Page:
Let Us Pay
Updated: May 30, 2020
In my opinion, the word convenience has got to be the most heinous c-word in today’s vocabulary. The concept of convenience has been pimped out by every enterprise known to man in order to lure humans into a sticky web disguised as progress, efficiency, innovation and growth; turning us all into insatiable consumers and retail zombies. The saying that love makes the world go around has really been upstaged by money making it spin, and it is spinning out of control.
On the worldwide web, the alarm bells have been sounding and those who see and search, come together voicing concerns about the convenience culture and offering up solutions and mountains of advice to help us navigate and tweak our lifestyles for a better future. Even here, we must be vigilant because I do detect a predatorial scent lurking amongst the earth-loving herds, slowly planting disinformation to confuse and strike. After reading and reading, I am left confused and helpless. My head is spinning.
Instead of being overwhelmed by the massive changes we all have to make before a real difference can be felt, lets return to the concept of one: the power of one person and the focus on one action at a time. So, let us start with the humble cucumber.
When it comes to buying this fruit/veg, I have always found the easiest way to avoid plastics is to just go for the ones that are not shrink wrapped or stuffed on a polystyrene tray and suffocated with clingfilm. Supermarkets in Melbourne have cash registers designed with weighing scales attached, allowing customers to weigh and pay. This technology is hardly new. However, some countries still resist this method.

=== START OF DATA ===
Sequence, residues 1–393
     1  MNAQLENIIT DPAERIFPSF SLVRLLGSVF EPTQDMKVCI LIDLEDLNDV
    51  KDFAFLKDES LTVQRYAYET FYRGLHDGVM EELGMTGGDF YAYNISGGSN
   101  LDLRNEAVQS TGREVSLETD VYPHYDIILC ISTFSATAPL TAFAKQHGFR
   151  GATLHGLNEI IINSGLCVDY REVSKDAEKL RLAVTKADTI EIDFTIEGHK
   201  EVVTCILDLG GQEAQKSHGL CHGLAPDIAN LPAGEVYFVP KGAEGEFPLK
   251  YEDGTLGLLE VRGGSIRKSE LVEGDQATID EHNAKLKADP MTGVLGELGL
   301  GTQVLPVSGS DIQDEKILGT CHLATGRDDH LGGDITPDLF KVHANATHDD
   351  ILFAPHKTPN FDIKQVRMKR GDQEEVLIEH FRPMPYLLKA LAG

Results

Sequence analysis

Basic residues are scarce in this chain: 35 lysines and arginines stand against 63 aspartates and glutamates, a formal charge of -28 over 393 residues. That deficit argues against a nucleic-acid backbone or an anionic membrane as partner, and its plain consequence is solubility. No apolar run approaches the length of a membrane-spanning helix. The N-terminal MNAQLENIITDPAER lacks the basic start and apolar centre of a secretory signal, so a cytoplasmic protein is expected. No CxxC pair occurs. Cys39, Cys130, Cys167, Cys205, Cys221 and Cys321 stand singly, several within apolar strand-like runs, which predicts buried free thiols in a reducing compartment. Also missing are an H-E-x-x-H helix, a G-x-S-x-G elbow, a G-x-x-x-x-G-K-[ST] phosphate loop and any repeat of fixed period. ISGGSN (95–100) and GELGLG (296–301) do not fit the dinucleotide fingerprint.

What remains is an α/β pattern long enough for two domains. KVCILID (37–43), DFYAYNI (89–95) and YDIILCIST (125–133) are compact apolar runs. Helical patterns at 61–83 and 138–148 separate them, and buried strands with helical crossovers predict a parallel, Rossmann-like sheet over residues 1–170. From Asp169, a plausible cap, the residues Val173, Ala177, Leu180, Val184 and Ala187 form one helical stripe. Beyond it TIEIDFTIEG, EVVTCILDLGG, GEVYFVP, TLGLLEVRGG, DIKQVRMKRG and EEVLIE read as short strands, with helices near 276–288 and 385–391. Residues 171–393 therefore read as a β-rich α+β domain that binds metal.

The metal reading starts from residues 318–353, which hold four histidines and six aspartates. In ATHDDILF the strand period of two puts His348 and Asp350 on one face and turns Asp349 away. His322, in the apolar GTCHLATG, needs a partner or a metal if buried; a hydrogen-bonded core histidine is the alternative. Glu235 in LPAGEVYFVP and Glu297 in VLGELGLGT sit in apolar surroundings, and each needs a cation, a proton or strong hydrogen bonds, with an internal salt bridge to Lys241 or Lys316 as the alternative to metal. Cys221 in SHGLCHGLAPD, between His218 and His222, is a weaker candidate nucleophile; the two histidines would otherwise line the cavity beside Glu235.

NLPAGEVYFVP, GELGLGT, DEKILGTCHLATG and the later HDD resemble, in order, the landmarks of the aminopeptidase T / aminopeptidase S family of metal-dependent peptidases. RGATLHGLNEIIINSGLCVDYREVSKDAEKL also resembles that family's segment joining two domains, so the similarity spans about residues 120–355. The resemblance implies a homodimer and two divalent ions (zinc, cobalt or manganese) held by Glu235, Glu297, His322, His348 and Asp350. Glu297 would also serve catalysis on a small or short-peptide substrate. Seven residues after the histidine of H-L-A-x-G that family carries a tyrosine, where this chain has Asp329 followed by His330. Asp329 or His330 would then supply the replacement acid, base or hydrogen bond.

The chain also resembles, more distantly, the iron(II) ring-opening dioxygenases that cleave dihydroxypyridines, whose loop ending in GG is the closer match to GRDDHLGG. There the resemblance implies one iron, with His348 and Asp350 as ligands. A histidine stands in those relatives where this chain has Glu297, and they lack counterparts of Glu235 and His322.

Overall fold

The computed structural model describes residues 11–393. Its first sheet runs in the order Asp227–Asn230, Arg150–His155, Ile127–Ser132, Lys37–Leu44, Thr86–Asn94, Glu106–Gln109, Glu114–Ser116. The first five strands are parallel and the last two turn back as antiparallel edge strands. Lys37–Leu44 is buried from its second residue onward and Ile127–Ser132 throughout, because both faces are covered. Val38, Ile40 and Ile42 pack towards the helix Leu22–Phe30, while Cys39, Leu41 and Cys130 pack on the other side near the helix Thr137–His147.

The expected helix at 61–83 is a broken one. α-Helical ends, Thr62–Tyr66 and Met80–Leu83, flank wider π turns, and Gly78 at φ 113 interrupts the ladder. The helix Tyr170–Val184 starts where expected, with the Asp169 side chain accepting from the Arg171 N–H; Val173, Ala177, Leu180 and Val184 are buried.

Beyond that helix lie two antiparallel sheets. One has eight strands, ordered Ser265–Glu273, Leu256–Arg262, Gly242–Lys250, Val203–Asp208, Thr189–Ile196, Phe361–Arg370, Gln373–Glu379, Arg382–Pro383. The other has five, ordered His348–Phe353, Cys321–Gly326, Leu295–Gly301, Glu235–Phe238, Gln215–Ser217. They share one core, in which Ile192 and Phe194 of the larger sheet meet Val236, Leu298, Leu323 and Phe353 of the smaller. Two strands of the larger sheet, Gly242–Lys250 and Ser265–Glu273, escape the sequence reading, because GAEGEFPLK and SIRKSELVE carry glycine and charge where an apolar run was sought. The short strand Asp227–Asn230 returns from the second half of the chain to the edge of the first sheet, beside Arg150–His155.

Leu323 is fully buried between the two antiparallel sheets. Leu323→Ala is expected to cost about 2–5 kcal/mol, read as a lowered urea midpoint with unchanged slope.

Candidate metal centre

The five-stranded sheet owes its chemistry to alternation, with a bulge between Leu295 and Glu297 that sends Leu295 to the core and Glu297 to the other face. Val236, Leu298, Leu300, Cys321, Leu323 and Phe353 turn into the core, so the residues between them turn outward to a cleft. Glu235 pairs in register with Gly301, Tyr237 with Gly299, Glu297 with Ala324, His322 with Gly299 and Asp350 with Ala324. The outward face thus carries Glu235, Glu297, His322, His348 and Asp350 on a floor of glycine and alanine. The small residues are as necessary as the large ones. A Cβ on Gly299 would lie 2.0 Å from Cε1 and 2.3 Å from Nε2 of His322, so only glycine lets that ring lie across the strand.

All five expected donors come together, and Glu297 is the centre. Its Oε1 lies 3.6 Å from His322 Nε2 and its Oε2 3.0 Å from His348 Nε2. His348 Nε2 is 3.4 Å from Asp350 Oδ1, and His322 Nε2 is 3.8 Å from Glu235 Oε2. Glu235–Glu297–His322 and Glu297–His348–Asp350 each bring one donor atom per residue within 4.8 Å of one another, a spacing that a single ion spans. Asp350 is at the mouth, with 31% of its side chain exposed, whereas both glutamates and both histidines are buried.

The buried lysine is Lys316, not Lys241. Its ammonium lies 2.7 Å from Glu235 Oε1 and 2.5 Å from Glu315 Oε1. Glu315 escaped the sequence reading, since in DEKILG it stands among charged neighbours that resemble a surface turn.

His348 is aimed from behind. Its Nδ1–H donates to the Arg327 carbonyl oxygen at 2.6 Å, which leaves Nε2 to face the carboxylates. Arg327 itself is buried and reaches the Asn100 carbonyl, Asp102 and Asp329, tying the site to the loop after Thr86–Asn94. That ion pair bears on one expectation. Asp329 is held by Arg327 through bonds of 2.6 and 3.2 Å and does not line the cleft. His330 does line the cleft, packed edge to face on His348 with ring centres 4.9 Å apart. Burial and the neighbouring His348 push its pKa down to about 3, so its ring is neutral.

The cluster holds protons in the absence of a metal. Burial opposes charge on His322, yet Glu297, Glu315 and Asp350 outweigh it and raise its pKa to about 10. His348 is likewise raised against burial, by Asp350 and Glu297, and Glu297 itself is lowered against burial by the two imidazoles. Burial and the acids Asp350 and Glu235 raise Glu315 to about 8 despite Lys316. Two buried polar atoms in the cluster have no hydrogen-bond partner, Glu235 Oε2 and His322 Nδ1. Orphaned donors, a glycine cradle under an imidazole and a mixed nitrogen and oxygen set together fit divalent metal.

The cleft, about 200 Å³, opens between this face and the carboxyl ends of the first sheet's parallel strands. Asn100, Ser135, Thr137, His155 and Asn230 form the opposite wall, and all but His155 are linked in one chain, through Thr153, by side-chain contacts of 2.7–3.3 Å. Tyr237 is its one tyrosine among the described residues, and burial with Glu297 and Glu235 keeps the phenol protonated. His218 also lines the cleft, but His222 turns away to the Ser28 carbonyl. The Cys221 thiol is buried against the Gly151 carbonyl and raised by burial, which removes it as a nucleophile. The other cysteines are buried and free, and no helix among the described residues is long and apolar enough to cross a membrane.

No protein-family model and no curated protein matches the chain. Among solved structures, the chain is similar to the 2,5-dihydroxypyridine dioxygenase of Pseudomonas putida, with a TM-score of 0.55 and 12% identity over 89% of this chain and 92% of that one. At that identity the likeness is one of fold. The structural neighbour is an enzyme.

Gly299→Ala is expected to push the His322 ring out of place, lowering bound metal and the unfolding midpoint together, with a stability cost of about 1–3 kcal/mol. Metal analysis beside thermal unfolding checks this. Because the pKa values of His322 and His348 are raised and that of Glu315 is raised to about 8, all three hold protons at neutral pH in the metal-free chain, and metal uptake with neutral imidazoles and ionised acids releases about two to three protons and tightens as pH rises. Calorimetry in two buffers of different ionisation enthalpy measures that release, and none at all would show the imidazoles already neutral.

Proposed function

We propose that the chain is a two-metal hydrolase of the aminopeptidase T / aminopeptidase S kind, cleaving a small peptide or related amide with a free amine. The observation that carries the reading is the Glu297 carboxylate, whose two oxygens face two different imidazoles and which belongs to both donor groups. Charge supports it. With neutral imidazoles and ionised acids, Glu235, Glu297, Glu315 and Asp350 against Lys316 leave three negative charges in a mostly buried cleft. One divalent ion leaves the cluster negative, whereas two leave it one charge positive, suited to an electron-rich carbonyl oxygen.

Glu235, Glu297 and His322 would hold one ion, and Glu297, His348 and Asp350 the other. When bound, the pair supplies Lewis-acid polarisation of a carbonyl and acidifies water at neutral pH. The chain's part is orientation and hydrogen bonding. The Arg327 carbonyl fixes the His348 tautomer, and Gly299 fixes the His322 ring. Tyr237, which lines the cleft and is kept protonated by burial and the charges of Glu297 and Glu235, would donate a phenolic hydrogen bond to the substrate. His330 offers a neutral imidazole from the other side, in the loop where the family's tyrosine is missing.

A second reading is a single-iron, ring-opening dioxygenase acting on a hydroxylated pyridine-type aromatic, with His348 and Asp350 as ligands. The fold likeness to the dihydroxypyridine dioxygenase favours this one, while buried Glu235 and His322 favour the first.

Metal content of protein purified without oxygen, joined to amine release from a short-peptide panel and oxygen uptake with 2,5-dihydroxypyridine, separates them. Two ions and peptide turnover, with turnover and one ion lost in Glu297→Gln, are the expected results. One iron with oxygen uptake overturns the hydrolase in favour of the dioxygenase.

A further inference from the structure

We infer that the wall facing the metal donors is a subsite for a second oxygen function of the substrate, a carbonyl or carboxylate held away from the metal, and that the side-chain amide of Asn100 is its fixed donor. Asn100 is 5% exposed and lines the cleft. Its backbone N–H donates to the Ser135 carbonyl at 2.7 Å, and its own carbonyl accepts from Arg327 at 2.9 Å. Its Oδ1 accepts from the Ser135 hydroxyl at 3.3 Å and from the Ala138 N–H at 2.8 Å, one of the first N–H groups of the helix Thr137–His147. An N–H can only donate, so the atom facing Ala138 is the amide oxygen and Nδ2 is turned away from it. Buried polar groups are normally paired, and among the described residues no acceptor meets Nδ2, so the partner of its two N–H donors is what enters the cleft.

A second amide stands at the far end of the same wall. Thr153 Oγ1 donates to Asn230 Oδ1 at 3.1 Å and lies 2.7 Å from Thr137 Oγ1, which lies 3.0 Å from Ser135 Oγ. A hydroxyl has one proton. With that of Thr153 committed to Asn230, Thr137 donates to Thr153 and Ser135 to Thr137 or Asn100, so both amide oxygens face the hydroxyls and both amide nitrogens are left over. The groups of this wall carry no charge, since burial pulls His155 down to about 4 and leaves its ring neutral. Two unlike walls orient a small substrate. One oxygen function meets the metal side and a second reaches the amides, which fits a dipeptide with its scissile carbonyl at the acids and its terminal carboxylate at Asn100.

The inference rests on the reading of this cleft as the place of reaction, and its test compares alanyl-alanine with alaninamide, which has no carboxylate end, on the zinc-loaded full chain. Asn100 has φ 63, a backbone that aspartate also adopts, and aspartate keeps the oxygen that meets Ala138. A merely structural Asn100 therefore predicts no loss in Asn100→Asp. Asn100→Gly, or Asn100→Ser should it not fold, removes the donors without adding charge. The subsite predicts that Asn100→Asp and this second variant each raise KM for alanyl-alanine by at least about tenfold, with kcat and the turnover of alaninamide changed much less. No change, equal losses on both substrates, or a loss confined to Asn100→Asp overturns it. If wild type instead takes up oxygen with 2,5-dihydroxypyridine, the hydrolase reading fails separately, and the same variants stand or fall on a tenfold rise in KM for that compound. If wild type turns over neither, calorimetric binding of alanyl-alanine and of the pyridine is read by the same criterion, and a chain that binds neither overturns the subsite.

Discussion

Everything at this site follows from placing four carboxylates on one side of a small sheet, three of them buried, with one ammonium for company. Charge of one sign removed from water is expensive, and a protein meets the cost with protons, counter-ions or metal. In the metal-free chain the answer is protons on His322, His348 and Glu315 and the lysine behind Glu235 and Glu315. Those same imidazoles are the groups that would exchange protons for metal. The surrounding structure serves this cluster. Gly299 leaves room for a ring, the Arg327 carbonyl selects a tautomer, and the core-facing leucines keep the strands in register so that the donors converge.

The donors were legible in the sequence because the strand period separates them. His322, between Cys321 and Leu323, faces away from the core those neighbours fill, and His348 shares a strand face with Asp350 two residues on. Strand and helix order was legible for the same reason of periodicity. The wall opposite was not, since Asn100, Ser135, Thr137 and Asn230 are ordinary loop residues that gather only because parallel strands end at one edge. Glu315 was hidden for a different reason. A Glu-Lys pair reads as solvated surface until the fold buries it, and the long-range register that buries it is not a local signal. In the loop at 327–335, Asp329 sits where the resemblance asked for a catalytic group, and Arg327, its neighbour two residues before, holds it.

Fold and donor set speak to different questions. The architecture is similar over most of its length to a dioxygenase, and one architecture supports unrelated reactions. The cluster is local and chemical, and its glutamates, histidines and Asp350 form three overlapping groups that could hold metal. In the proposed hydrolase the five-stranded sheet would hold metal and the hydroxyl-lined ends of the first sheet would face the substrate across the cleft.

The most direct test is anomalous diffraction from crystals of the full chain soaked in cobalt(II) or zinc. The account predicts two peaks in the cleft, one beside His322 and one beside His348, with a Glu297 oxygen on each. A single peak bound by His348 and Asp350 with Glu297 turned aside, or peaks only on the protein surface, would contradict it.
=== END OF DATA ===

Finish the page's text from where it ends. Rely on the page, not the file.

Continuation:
Big supermarkets in Malaysia still refuse to install this technology at their checkout counters. Instead, shoppers have to go to a weighing station where bags of produce will be taped shut, weighed and slapped with a sticky label for barcode and price. Going to the weighing station with a large fruit and asking for just the sticky label is one thing, taking five apples or ten dusty potatoes over to be weighed individually will exasperate other shoppers and workers alike.
In this case, the solution would be to support neighbourhood and farmers' markets, and our local green grocers. Use paper or lightweight cloth bags to shop for smaller fruits and vegetables. Our patronage and purchases can send a message for change to these large corporations. I think this is rebellion in the right way.
This path is not without costs but right now the planet needs us to pay up. So, if a recipe calls for Continental cucumbers that have to be shrink wrapped to extend shelf life, choose a substitute or do without. If you live an organic lifestyle and retailers insist on overt amounts of packaging for the sake of differentiation to prevent theft or miscalculations, start supporting organic-only stalls and shops that have more of their produce sold loosely.
For too long, we have been fed a choice of lifestyle where we can to see it all, have it all and do it all. It is perpetuating our greed and making us look the other way in our fast-paced life. If we go a lit
tle further, pay a little more or simply do without, we can make a difference the earth needs right now. Do not get confused by arguments about carbon footprint for now. Whilst valid, it can often be used to stifle our attempts. Retailers need to see consumer habits changing. Money talks. The alternative repercussion is far more inconvenient and painful. Some communities are already paying this way. Let us act whilst we still have a choice.